Hungary’s government cancelled a state-imposed cap on fuel prices late Tuesday after a recent wave of panic-buying among motorists led to fuel shortages and long lines at filling stations across the country.
The prices of gasoline and diesel at fuel pumps will be set according to market rates as of 11 p.m. Tuesday, government minister Gergely Gulyas announced at a news conference.
The move brings an end to more than a year of government-mandated price controls that had strained the ability of the state energy company to keep up with demand.
Gulyas blamed the end of the price cap, which from November 2021 limited fuel prices to 480 forints ($1.22) per liter, on European Union sanctions placed on Russia over its invasion of Ukraine.
But soaring fuel consumption — up some 25% in Hungary since last year — as well as production difficulties at a Hungarian oil refinery have led to state energy company MOL struggling to supply filling stations with adequate quantities of price-capped fuel.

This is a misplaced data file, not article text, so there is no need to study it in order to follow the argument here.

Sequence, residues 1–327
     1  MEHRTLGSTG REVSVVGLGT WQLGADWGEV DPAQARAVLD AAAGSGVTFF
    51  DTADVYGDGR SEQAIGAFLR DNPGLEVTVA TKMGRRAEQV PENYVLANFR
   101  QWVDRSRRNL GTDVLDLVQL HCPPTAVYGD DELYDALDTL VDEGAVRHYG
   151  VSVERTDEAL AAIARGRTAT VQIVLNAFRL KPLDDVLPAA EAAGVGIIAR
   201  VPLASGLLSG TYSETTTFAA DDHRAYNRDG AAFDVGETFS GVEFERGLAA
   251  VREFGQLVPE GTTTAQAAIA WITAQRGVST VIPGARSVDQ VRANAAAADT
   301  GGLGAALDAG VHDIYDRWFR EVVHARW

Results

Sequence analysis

“The government maintained the price cap as long as it could,” Gulyas said. The price cap had been due to expire Dec. 31.
Earlier on Tuesday, MOL issued a statement saying it had reached the end of its logistical capacities to keep up with the demand as consumers rushed gas stations amid rumors of pumps running dry.
MOL chief Zsolt Hernadi said at the news conference that Hungary had been hit with long lines at gas stations not seen since shortages in Hungary’s Soviet-dominated socialist period in the 1970s.
Gulyas acknowledged that the lifting of the price cap on fuel is likely to increase inflation in Hungary — already the third-highest in the EU at 21.1%.
The government has not yet decided on whether a price cap on basic foodstuffs would continue after the new year, he said, a measure that has caused similar shortages of staples like sugar, flour and other products on store shelves.
Boldizsar Gyori contributed to this report.